The end of the year is a time for reflection. We all have ups and downs, but a recent study suggests you’ll be happier if you keep your walk down memory lane focused on a few specific types of memories.
Photo by Igor Spasic.
The study, published in the journal Memory, found that those who reflected on their problem solving achievements and moments of defining their identity were much happier in the days that followed. They showed higher self-esteem, self-efficacy and a general sense of meaning in life. Those who were told to dwell on a regret, disappointing time or negative event involving conflict were much less happy. Same goes for participants in the control group who were told to think back on any memories they wanted.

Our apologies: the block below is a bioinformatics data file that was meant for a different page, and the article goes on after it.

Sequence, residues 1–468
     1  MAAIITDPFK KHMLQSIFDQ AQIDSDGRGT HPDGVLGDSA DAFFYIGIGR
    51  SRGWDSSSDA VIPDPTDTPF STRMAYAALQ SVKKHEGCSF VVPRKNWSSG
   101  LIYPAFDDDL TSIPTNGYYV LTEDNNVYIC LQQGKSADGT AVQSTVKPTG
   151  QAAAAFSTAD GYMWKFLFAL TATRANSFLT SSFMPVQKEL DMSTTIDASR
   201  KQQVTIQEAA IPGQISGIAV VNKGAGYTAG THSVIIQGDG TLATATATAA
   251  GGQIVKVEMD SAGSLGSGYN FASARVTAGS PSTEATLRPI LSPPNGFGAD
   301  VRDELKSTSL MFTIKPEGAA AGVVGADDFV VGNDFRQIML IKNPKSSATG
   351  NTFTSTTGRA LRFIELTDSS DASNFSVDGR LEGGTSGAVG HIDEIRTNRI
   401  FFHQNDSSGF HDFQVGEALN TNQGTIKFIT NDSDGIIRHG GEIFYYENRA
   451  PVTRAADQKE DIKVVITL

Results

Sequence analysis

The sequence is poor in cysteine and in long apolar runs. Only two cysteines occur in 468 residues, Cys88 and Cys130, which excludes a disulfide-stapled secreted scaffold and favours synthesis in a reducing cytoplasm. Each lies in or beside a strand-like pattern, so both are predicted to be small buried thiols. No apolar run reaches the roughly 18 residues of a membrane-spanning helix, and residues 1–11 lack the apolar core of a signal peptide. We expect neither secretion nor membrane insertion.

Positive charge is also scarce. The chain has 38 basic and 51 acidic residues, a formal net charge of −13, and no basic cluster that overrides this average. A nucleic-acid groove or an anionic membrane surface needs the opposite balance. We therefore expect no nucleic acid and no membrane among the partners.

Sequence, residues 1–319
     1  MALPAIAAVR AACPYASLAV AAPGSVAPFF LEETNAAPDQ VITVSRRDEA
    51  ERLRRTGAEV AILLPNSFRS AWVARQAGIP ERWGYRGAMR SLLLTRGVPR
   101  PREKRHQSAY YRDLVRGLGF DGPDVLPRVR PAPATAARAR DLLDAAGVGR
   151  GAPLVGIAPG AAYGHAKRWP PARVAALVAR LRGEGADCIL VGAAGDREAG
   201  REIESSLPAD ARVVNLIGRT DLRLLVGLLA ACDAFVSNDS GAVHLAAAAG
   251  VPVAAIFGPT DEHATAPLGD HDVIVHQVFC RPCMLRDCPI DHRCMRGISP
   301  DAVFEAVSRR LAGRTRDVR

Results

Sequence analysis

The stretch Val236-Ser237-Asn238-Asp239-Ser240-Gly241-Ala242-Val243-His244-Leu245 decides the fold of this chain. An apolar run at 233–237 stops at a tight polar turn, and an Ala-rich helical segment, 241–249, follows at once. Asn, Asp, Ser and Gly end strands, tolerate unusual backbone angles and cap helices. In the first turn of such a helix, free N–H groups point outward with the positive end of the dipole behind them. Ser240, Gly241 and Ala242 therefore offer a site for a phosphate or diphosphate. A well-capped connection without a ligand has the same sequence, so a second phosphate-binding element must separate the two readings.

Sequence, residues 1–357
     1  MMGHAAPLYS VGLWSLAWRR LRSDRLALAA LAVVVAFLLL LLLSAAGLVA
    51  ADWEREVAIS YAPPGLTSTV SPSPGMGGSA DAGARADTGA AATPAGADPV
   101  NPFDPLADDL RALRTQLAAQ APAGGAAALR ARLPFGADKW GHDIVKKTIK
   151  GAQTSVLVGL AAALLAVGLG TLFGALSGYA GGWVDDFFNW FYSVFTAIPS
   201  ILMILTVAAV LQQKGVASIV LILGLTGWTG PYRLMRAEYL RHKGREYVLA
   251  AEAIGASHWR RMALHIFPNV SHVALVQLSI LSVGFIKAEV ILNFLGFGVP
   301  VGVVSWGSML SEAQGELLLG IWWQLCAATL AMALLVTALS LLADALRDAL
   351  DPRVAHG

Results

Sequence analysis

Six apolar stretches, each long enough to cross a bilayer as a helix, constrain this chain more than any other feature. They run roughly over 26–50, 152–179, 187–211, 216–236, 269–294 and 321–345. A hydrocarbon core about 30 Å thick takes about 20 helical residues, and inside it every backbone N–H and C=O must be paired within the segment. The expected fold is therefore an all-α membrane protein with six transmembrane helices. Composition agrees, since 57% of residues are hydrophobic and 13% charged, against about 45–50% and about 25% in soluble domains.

Those results may not seem too surprising — thinking about good things should feel good — but the researchers noted the effects weren’t only due to the positive memories. Analysis of the participants’ written responses suggest that mood boost was actually related to feelings of resilience and self-exploration or introspection. Basically, looking back at how you overcame hardships can make you feel more capable and prepared to take on any that come your way in the new year.